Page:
A similar spirit is brewing just a few steps ahead at Rhino Sports Club that has been made of makeshift wooden poles and a blue tenting cloth. Here, 72-year-old Nehrulkar watches the young national player Rahul Solanki play. Nehrulkar’s age doesn’t allow him to play anymore, but nevertheless, he is at the Rhino club every evening to guide the youngsters. A former technical officer at Tata, he started playing the sport as a young child. For him, carrom has been a way of life, something he refuses to let go of. As he shows a technique to Rahul, he looks up and tells me how the subculture of carrom hasn’t changed in Mumbai even after so many years. Though he does state that with the advent of YouTube youngsters have a new resource to learn skills from. Rahul nods, demonstrating a technique he picked up from an online video that made him win the nationals and earned him an interview at RBI through Sports Quota. “I didn’t get the job, but it made me realise that carrom in the country has a future. These tiny carrom clubs give so many opportunities to the less-privileged. I want to play for my country someday,” he says ambitiously.
The clubs at Parel are known to be the ones for the World Class Champions amongst the carrom club community of Mumbai. They are spacious and airy, formally registered, enjoy sponsorships and organize local tournaments as well wherein people from other clubs come to compete. But this hardly dissuades the other carrom clubs. Like these clubs themselves, its owners too sport a dynamic personality. They appear to be the ‘Bhais’ and ‘Dadas’ of the area with a stronghold on most of its activities - whether illicit or not. Both Usman Bhai and Mamu organize competitions in the club with a decent prize money. But for many players, these games go beyond matches, much like the 2010 Bollywood action-drama film Striker that explores the thriving carrom culture of Malvani would have us believe. These competitions also translate to power games - an opportunity to proclaim glory over these ghettos. Though these carrom clubs aren’t formally registered, they not only have court orders that permit them to operate until late at night but also certificates and acknowledgements from the District Carrom Association.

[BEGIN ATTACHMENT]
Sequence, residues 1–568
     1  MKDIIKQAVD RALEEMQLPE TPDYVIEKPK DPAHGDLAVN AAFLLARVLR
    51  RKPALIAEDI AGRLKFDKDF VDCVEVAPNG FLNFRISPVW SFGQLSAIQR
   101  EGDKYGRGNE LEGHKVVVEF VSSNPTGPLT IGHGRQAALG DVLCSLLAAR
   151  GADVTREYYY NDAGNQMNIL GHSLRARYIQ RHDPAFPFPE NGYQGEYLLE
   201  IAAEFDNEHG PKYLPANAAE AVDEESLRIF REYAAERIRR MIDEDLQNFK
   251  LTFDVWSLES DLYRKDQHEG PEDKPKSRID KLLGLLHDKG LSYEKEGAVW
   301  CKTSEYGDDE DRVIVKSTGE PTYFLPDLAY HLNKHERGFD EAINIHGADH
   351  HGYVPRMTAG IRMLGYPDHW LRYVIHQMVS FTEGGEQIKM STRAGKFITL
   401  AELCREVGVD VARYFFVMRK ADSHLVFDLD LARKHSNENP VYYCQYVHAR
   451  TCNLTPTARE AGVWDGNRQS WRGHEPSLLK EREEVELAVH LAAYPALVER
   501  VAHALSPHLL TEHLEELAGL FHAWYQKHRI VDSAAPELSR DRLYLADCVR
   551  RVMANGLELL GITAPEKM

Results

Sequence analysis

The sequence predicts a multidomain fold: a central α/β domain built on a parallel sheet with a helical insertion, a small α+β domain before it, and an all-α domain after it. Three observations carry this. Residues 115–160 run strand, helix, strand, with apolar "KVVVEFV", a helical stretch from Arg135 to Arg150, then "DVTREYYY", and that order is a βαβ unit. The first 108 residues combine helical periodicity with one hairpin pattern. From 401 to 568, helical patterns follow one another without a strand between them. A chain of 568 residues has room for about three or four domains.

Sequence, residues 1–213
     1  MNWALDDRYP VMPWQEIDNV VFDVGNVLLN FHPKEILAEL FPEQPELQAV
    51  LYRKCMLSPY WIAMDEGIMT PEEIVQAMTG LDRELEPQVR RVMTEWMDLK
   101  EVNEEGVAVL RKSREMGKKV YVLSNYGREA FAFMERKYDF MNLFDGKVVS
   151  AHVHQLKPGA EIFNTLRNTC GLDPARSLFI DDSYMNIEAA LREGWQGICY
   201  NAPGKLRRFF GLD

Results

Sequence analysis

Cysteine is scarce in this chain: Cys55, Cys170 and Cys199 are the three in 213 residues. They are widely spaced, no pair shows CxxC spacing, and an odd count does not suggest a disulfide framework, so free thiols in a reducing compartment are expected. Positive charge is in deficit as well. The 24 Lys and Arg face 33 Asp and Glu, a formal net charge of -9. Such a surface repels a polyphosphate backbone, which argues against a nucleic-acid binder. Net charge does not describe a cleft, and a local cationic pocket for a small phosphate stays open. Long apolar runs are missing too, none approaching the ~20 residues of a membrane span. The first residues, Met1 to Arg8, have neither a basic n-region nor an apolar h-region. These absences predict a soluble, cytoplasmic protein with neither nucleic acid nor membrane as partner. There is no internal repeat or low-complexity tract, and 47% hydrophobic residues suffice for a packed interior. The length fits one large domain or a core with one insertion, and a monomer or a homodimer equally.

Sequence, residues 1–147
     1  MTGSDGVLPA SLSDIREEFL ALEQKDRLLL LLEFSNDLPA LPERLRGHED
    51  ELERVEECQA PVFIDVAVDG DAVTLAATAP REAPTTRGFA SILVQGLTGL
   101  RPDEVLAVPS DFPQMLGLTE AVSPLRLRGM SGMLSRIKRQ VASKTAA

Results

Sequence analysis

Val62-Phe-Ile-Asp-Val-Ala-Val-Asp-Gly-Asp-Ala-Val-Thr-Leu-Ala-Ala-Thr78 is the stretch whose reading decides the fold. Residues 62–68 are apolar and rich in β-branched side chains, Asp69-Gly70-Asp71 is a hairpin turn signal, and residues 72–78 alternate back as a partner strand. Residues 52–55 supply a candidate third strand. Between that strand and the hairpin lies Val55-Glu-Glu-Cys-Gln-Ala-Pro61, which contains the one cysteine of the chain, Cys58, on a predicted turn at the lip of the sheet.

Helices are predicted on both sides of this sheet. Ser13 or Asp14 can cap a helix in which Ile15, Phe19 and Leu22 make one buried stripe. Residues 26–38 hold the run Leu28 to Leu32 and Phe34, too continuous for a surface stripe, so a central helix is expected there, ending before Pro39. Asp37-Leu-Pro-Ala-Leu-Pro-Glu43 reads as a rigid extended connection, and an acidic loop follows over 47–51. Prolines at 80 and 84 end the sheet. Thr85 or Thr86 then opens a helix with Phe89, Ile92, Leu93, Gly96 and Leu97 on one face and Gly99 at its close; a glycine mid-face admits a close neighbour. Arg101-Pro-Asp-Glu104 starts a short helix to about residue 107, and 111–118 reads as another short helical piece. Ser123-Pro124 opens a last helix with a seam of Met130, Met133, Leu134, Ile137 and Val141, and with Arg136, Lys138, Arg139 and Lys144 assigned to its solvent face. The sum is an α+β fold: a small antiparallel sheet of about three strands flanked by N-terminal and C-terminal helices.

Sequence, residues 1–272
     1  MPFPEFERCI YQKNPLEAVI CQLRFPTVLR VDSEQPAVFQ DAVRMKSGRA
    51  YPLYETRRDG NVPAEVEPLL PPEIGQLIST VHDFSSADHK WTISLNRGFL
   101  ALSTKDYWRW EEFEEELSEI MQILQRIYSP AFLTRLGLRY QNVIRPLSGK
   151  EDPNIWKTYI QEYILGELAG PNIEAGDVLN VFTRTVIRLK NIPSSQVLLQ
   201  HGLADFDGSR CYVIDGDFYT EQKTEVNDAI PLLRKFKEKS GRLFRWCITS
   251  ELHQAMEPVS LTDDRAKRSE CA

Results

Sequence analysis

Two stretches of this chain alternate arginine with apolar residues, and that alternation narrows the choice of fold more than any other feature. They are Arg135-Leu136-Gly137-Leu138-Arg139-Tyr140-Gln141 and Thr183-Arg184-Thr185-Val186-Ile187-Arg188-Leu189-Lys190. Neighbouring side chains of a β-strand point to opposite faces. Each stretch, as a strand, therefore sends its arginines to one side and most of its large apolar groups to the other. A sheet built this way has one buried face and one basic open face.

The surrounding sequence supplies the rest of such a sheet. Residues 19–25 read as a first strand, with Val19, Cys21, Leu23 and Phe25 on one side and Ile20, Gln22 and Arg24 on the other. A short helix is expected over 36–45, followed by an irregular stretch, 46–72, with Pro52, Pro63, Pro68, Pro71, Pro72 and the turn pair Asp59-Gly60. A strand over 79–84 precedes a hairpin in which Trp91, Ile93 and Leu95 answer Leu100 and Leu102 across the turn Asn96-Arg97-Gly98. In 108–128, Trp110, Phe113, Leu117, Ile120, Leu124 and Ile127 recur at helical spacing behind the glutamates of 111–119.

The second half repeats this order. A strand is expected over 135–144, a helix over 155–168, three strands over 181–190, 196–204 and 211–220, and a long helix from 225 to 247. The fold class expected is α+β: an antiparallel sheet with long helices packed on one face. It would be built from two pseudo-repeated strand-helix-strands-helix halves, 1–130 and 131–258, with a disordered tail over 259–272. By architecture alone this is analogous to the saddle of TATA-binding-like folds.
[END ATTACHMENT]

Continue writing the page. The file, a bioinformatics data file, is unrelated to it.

Another striking element of the carrom clubs is the way they encourage brotherhood in the slums of Mumbai that are perhaps the first targets of communally-charged politicians. A beautiful example of this lies in Khar Danda’s Om Sai Club that is together run by Harish and Nadeem who say that people of all caste and creeds play here. “At the time, only carrom is religion, nothing else,” Nadeem states. The feeling resonates in almost all the clubs. “Though this is a largely a Muslim area we have Hindu friends coming in from across the city,” states Ahmed Hussain of Dongri.
While carrom clubs promote a culture of fraternity they also invariably give out the message of inclusivity, something that can be seen at Shyam Gaikwad’s Carrom Club in the Ambedkar Nagar Chawl at Cuffe Parade which hosts people with disabilities as well. There’s a man who plays carrom with his feet, another man who strikes with fingers, and one who blows carrom mens into net holes – all prodigies that can be found in Mumbai’s underground carrom clubs.
Mumbai’s dingy carrom clubs have for a long time sustained generations – financially and opportunity wise. An entire community has sprung up consisting of different people who all bond over a game of carrom that has invariably become an inherent part of the city’s unexplored culture. For a few, it’s time pass, for others it is a passion. Nevertheless, it is an integral part of people’s lives here. But with builders coming in and crushing these settlements, how long will these carrom clubs last? Will they rise again? Will they have the same notorious character that lends it its charm? None of the players want to address this question. For now, they are engrossed in their games. All eyes are on the queen.
All photographs are taken by Rashi Arora for Homegrown.